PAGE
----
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Viva Las Vegas
The Specialty Equipment Manufacturers Association (SEMA) annual industry dog and pony show has come and gone for another year. I usually sat from the sidelines and watched as others attend the show, but this year I set out for Las Vegas to witness the event first hand and came away with some interesting insight into this whole aftermarket industry, the SEMA show itself and the general trends going on in the marketplace right now.
Overall things are still thriving in the aftermarket performance scene with the bulk of the display cars being Japanese imports, albeit now shifted more towards the Subaru WRX STI and Mitsubishi Lancer Evolution models instead of Honda Civics and Acura Integras. Toyota’s new upstart Scion models were also scattered around in various booths as well thanks to Scion’s program to get cars into tuners’ hands, even delivered in primer so they can be repainted to taste. The muscle car market is also thriving thanks to heavy interest in old American iron and support for American V8s remains very strong with superchargers, cam kits and more everywhere you looked. General Motors went all out with a host of interesting performance and cosmetically enhanced cars. For the full scoop on the SEMA show, check out our feature story HERE
On the Volkswagen side of things, H&R, Bilstein, B&M, FK and KW were all in attendance displaying new wares like H&R’s new 28mm rear sway bar, KW’s Inox suspension line or Bilstein’s new PSS9 applications. Overall though, there was a distinct lack of VW and Audi products on display. In fact, outside of Mini and a handful of Porsches, there weren’t that many European cars to be seen. Perhaps this is a reflection of the fact that every major manufacturer had a booth at the show except the German manufacturers – BMW, Porsche, Mercedes, VW and Audi were nowhere to be seen. In fact, the only European manufacturers at the show are those under Ford’s Premier Auto Group (Volvo, Jaguar and Land Rover). What was even more ironic was that staid, conservative Volvo had some of the best new European products on display with an S60R and V70R, showcasing all-new aftermarket equipment by new Volvo-tuner Evolve.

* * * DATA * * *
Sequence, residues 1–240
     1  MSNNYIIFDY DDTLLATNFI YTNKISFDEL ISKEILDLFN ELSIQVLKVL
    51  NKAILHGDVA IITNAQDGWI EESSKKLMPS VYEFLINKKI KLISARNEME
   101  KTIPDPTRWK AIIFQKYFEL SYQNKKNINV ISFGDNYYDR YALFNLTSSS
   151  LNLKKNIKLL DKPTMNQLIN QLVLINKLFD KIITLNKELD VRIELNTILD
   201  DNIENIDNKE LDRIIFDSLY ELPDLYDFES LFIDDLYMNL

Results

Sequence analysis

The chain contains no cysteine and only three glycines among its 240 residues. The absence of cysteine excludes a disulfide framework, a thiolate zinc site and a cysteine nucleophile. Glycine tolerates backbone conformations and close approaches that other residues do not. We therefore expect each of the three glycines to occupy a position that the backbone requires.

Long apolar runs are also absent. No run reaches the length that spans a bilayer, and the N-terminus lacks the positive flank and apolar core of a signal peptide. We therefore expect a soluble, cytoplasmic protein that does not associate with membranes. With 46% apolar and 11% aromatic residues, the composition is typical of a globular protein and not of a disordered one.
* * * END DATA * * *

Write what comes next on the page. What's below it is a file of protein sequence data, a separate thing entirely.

Which brings me to my main complaint… The German manufacturers and Volkswagen and Audi in particular need to be at SEMA. Why? Because they can’t afford not to be there. EVERY major manufacturer is displaying at the show except the German heavyweights. Like it or not, the aftermarket industry is alive and well and depends on various manufacturers cars to display their wares. Companies such as Porsche, BMW and Volkswagen have always had traditionally strong followings in the aftermarket (and still do) but awareness of these brands at shows like SEMA is dwindling rapidly. Take a look at Mazda or Hyundai and you’ll see not only their own accessories cars on display, but “idea” cars built up by magazines and aftermarket tuners to show potential throngs of aftermarket companies and more important, consumers what can be done with their products. For VW it is an absolute no-brainer… the performance aftermarket and youth market they attract have been the envy of many manufacturers for years, yet VW is letting this slip through their fingers. Just walk through Mazda’s booth with upbeat music videos and great looking product scattered around and you get a feel instantly that they know what the market and consumers want. Volkswagen has been played up as “hip”, yet at one of the hippest places to be seen in the automotive industry they are glaringly absent.
So our challenge to Volkswagen and Audi of America: get involved in SEMA next year and display at the show. To prove that we aren’t just all talk around here, we’ll even rise to the challenge along with our readers and advertisers and help Volkswagen plan it out. VW and Audi’s accessories lineup has increased ten fold in the last three years thanks to the three hard working staffmembers in the accessories group in Auburn Hills that must carry the flag for the whole company. They can’t do it alone.
SEMA is more than accessories, it is about product and about possibilities. For that reason Volkswagen must treat SEMA like any other auto show they attend and add it to the schedule next year. The difference is in the message and that’s how we can help Volkswagen showcase what their cars are capable of. Heck, we’ll even build up our upcoming R32 for display in their booth at SEMA next year along with loads of other great possibilities courtesy of our readers.
Don’t make us put our car in someone else’s booth Volkswagen. Show us, and the American car-buying enthusiast what you are really made of.
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